Vodafone chief Margherita Della Valle has admitted the struggling telecoms giant “must change” as she announced plans to cut 11,000 jobs and improve customer service.
The telecoms company, which employs around 90,000 people around the world, declined to say how many jobs would be lost in Britain but the sweeping job cuts will hit the UK.
Della Valle announced the turnaround plan alongside the frank admission: “Our performance has not been good enough.”
The company reported a 1.3pc drop in full-year earnings to €14.7bn, which it blamed on high energy costs and continued underperformance in Germany.
Revenues stagnated at €45.7bn (£39.8bn), with growth in Africa and higher equipment sales offset by lower service revenue in Europe.
The lacklustre results and turnaround pledge failed to impress investors, with shares slumping as much as 9pc to a level not seen since 1997.
It is a far cry from the company’s peak in 2000, when its share price was at an all-time high after a run of deal making in the 1990s. That year Vodafone also became a shirt sponsor of Premier League winners Manchester United.
However, Vodafone in 2023 looks like a “bloated” organisation to observers that is struggling to work out what its purpose is. Critics say it is trying to do too much in too many countries – a jack of all trades and master of none.
Karen Egan, head of mobile at Enders Analysis, says: “There’s a real question mark about where Vodafone adds value here, or does it detract value? The very essence of why Vodafone exists has to be called into question now.”
Della Valle, who was confirmed as permanent chief executive earlier this month after five months as interim boss, faces an uphill battle to revive the ailing telecoms giant after years of decline.
Once one of the world’s largest telecoms companies, Vodafone has struggled to halt a precipitous decline that has seen its share price slump by almost 60pc over the last five years.
Many of Vodafone’s current woes can be traced back to its disastrous €18.4bn acquisition of Liberty Global’s cable network in Germany. The 2019 deal still weighs on its bottom line: Vodafone posted a decline in service revenues in Germany last year and racked up more losses for TV and broadband customers.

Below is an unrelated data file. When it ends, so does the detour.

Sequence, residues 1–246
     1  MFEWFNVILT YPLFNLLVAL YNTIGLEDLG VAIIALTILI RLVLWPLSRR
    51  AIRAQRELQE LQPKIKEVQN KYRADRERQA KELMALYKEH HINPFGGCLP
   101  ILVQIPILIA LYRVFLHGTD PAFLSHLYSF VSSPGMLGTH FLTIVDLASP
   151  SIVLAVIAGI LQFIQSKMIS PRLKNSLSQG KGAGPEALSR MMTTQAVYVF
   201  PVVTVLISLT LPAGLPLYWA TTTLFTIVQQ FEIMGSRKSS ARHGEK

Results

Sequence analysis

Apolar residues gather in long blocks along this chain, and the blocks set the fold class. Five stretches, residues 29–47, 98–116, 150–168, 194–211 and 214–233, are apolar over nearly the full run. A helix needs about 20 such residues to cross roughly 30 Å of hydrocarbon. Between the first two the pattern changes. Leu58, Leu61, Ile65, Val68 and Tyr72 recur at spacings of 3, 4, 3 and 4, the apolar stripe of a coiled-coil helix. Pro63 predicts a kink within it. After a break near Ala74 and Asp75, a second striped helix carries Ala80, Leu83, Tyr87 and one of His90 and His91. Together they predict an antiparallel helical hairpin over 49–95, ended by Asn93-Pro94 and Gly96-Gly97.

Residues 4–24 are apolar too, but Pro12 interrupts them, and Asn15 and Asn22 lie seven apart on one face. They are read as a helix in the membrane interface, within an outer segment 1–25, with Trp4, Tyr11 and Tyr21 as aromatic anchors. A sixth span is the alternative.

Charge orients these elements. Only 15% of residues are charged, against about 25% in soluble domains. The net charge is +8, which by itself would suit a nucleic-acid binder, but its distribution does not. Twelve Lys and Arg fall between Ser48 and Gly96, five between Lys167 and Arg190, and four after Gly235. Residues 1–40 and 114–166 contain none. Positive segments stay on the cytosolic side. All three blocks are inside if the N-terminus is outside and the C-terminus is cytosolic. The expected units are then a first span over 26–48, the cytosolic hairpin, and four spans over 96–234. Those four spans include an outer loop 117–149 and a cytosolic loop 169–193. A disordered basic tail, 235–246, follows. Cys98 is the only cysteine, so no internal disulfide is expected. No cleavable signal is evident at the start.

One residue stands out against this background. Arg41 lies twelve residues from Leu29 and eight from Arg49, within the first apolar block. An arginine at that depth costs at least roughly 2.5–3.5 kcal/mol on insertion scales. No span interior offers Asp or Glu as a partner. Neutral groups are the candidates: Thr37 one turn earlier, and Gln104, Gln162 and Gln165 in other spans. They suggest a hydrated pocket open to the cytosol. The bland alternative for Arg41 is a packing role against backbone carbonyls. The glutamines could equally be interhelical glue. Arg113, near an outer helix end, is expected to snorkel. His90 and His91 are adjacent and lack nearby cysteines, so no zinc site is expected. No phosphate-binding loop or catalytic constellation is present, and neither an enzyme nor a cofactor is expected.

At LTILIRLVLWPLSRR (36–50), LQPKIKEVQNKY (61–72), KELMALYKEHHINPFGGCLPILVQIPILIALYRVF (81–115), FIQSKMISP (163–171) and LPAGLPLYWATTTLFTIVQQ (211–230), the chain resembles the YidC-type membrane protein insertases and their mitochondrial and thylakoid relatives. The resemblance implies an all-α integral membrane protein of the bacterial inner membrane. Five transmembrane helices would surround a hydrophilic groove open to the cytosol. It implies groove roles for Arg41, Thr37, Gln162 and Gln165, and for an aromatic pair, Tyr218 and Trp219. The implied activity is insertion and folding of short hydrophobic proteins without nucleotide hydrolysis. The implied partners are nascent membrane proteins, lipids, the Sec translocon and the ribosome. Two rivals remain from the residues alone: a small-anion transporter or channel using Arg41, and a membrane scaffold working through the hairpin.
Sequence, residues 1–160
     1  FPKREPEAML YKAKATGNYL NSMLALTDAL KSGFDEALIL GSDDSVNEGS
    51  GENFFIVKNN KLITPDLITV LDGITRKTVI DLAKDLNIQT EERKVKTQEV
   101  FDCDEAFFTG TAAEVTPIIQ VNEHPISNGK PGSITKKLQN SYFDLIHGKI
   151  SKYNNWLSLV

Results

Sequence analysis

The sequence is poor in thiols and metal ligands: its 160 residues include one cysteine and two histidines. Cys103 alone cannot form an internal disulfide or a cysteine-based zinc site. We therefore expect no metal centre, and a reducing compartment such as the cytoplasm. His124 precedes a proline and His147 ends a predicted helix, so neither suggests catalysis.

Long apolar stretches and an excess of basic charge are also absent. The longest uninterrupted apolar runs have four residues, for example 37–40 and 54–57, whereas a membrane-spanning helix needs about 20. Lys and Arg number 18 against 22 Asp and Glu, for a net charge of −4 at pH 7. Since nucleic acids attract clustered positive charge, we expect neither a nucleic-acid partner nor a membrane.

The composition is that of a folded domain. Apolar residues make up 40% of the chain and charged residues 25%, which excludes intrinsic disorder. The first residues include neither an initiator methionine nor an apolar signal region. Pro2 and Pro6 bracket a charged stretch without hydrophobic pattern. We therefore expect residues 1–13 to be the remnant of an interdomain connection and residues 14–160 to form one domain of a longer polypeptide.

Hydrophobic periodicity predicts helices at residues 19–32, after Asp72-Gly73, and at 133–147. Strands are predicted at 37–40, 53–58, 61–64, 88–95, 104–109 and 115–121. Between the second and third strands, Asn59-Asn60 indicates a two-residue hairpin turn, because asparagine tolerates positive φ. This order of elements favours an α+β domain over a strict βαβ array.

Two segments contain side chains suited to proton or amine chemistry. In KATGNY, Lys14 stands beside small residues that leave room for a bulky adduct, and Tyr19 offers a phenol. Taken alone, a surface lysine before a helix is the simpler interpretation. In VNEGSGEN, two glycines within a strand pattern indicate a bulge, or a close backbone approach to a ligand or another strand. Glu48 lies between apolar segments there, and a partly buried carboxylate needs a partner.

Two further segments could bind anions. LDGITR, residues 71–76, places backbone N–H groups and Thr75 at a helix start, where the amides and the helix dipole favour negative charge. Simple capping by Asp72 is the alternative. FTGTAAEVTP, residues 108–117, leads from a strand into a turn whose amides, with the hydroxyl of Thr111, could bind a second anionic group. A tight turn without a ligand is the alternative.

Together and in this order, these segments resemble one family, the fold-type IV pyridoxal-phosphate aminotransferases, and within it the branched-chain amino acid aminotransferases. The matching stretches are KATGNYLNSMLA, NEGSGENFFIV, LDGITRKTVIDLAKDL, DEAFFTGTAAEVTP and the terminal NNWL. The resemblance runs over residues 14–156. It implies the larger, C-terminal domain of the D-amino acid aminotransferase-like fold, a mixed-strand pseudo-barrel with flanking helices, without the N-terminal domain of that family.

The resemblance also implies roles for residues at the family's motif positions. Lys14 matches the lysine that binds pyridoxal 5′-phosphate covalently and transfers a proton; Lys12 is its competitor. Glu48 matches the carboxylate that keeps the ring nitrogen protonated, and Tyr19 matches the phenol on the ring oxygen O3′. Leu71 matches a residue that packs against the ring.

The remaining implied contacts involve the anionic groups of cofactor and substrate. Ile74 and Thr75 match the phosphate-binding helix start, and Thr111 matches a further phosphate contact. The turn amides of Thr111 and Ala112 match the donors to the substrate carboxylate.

Issues came to a head in December, when chief executive Nick Read was abruptly ousted under pressure from activist investors.
Della Valle, who has been at the company for almost three decades and most recently served as chief financial officer, was named interim chief executive and ultimately appointed to the top job this month.
But that came only after a protracted search process, during which Vodafone approached industry heavyweights including former EE chief executives Olaf Swantee and Marc Allera, who is widely tipped to take over at BT.
Internal country managers, who were initially excluded, were asked to apply late on in the process – a move that will further fuel speculation that Vodafone was struggling to attract a candidate.
Insiders said Della Valle’s deep experience at the company, as well as her European outlook, impressed the board and made her well suited to the role. She is also well regarded within the industry.
However, the choice of an internal candidate has raised eyebrows at a time when fundamental reform is needed. Della Valle’s concession that recent changes have been “too incremental” will be of little comfort given she was one of the most senior leaders at the company.